- Handle administrative tasks, such as adding your employee to internal systems, completing new-hire paperwork, and sharing your employee handbook.
- Provide the tools they need, including physical equipment.
- Start a shadowing program.
- Send a reference guide with internal lingo, a team directory, and where to find things.
- Write out role-specific goals.
- Help build connections.
- Set up regular check-ins.
Being thoughtful about your training process can also contribute to more productive and satisfied employees. Have a plan in place to build up the technical and the soft skills necessary for the role. And having an easy-to-learn, all-in-one ecosystem of tools, such as Square Shifts for scheduling connected to your Square POS and payroll, can help facilitate that process for both employees and employers.
How to grow your team and optimize your staffing
An essential part of running a business with employees is learning how to get the most out of your team while you prioritize their well-being and remain mindful of labor costs. Research shows that employee retention and engagement are top problems faced by companies. Focusing on these employee development steps is a good way to start building a strong, satisfied staff:
- Make coaching and mentoring a priority.
- Chart a clear course for development and advancement.
- Offer development programs tailored to each individual.
- Lead by example.
Prioritizing staff well-being while managing business growth is one trait of successful businesses. Here are some tips:
- Become a listener.
- Know when to say no to the wrong opportunities.
- Be flexible.
- Communicate clearly and frequently.
- Treat staff well-being as a success metric.
- Make sure your wages remain competitive.
Technology such as Square Shifts can help you keep track of schedules and time-off requests. It can also empower your team to manage their schedules and view hours and pay in real-time. Here are more ways to retain top talent:
- Quick, reliable payments, including instant payments with Square Payroll
- Flexible schedules
- Remote work options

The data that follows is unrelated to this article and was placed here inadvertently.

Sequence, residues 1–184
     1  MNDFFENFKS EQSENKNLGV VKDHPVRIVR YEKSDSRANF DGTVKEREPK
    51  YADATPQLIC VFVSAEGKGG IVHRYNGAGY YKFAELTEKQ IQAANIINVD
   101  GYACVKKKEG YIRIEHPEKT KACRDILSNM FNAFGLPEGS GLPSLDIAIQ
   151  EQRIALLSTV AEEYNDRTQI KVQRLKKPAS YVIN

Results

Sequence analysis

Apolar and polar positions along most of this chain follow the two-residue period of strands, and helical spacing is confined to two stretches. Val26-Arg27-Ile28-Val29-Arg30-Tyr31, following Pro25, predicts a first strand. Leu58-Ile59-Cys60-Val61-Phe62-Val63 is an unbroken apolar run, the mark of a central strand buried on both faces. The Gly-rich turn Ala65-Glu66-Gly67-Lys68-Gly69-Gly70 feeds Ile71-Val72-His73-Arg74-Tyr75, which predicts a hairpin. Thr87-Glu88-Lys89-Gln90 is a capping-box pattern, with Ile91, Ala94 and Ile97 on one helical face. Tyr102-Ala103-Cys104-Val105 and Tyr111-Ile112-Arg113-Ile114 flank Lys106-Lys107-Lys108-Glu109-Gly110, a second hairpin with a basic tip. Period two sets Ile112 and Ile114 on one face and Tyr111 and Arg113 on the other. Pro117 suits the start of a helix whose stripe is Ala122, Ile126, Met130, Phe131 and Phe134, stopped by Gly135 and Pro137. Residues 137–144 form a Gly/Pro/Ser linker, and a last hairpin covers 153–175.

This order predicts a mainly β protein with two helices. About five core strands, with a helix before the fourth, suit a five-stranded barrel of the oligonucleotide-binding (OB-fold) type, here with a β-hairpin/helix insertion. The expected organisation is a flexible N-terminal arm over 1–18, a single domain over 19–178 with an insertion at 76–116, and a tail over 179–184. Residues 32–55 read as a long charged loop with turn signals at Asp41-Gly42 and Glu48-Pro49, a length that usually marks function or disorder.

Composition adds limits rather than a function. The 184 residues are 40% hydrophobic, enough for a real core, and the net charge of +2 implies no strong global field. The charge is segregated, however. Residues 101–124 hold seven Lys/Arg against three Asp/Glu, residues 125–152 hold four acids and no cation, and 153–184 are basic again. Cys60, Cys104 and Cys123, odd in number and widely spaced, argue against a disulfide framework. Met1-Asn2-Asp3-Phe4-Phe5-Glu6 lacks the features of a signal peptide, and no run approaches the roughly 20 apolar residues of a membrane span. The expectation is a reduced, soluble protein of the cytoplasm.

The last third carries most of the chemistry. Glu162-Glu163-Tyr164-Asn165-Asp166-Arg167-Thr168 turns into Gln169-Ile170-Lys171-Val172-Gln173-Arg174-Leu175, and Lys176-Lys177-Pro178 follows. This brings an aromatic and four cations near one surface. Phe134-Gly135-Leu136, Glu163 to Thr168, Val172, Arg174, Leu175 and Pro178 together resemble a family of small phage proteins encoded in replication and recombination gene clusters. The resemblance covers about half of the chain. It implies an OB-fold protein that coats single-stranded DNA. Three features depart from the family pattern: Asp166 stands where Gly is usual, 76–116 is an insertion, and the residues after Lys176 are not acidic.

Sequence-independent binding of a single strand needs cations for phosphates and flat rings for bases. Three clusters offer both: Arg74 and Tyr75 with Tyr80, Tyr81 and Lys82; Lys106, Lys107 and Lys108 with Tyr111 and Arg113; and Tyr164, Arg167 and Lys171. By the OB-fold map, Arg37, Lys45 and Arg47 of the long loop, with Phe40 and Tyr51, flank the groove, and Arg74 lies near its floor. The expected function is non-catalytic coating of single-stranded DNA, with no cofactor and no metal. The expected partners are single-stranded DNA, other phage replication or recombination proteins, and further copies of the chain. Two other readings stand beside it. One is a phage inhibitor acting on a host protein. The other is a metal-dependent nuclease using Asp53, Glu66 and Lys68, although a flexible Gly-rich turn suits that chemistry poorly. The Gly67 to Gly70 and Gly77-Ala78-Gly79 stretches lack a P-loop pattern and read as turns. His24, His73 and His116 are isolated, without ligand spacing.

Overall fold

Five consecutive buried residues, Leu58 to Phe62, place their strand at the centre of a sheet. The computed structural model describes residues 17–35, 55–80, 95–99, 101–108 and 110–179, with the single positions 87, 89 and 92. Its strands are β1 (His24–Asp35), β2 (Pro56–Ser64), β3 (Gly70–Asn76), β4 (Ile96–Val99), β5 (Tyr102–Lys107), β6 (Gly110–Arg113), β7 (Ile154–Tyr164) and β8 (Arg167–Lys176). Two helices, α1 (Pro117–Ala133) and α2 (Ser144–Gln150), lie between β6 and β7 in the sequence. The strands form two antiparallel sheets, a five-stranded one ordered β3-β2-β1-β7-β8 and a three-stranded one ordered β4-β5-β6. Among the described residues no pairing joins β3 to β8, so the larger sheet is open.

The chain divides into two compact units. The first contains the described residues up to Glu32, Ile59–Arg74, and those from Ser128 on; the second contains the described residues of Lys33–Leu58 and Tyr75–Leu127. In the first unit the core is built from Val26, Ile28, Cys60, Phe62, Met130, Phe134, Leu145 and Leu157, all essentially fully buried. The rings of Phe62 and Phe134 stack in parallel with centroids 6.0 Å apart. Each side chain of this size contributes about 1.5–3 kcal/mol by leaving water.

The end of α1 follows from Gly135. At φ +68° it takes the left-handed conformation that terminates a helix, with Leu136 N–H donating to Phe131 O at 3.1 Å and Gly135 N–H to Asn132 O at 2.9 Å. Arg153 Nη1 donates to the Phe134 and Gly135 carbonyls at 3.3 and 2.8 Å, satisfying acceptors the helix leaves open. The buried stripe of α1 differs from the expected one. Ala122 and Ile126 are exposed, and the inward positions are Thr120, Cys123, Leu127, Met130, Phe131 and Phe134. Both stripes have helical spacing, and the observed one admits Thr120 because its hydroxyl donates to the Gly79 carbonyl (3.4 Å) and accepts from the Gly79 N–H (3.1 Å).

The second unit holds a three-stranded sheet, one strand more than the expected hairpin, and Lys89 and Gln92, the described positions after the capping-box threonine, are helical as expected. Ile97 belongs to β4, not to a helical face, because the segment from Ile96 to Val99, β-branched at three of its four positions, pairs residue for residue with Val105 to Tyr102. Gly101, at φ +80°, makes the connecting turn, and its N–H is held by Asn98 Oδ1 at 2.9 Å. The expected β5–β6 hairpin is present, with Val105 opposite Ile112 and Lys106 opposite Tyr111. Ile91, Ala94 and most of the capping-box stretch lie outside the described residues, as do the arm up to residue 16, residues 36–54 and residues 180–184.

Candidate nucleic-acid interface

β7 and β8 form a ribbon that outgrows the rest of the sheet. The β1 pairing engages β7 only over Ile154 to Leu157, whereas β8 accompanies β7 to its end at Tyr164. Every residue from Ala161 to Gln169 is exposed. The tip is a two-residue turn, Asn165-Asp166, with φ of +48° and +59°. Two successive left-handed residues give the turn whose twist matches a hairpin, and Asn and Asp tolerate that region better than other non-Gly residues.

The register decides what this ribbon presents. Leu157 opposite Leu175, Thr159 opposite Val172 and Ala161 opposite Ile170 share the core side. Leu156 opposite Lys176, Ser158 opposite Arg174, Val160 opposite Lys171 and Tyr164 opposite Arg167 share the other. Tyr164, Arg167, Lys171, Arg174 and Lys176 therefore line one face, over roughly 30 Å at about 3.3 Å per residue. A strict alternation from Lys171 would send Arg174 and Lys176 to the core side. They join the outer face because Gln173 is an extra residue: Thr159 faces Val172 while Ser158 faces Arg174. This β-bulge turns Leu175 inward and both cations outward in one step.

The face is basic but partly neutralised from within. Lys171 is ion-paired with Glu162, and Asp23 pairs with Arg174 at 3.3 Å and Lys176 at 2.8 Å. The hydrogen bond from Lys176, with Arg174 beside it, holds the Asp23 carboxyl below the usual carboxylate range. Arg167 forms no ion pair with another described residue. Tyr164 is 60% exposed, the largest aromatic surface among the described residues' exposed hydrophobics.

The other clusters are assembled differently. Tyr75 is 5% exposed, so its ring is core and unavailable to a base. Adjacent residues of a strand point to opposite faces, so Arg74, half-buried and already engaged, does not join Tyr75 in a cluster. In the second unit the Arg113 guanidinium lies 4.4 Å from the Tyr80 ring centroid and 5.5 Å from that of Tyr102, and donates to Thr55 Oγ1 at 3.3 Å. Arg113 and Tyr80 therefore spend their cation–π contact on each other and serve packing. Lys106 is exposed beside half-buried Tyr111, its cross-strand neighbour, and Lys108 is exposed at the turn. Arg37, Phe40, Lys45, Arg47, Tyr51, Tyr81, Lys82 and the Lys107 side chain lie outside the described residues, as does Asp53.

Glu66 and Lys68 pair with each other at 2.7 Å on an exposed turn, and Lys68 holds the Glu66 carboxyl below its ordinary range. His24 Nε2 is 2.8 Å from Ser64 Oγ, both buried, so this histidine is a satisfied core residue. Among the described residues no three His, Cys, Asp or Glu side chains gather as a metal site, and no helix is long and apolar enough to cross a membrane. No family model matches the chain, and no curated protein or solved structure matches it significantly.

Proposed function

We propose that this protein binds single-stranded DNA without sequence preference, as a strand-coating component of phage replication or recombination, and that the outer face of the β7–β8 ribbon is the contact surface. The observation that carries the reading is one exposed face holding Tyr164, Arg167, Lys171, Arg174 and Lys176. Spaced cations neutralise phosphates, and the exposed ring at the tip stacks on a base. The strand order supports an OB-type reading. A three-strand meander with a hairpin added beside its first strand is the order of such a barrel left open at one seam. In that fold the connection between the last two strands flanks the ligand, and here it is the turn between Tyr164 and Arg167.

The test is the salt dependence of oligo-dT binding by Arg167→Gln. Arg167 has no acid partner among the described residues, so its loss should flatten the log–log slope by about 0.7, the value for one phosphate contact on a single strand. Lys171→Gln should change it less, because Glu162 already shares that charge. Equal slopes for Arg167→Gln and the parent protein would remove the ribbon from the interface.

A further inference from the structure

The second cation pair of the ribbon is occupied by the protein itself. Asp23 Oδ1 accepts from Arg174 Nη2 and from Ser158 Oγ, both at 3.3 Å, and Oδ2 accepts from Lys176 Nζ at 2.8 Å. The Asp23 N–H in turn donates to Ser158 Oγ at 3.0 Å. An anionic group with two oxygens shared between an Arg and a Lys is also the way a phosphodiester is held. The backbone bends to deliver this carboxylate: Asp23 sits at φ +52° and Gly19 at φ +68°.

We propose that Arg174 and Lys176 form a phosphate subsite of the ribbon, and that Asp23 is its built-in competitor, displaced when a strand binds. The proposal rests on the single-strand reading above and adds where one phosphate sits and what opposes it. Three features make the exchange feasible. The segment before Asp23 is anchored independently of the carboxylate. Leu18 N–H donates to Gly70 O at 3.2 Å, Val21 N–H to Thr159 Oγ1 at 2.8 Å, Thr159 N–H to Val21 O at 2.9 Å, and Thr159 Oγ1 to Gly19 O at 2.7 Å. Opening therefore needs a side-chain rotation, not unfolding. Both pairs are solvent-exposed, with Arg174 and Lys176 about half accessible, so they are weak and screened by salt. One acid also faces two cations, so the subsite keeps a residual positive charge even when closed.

- Strong vacation policies, benefits, and perks
- Recognition for good work, a transparent review process, and clear career paths
Automation and optimizations are also useful tools here. Relying on multiple companies and software solutions to run your business can be a pain. Having an all-in-one system makes the busywork easy, giving your staff more time to focus on the work they love. The Square ecosystem of business solutions helps cut out the time-consuming tasks, from data management to tip tracking and shift scheduling. This can give you more time to invest in your business and your team, and it frees up employees to do more meaningful work.
From inventory management to payroll and email automations, here are some examples of how businesses optimize their operations.
Staffing tools and solutions
As you choose or switch payroll software for your business, consider the amount of time spent working across multiple tools or making fixes and tweaks across the board manually. Square Shifts provides POS-integrated time tracking, team member scheduling, and wage management to optimize your labor costs and simplify your payroll process. It connects to key business reports in your Square Dashboard so you can stay on top of your labor costs and scheduling needs — from overtime and break tracking to early clock-in prevention — all while keeping your data in one place.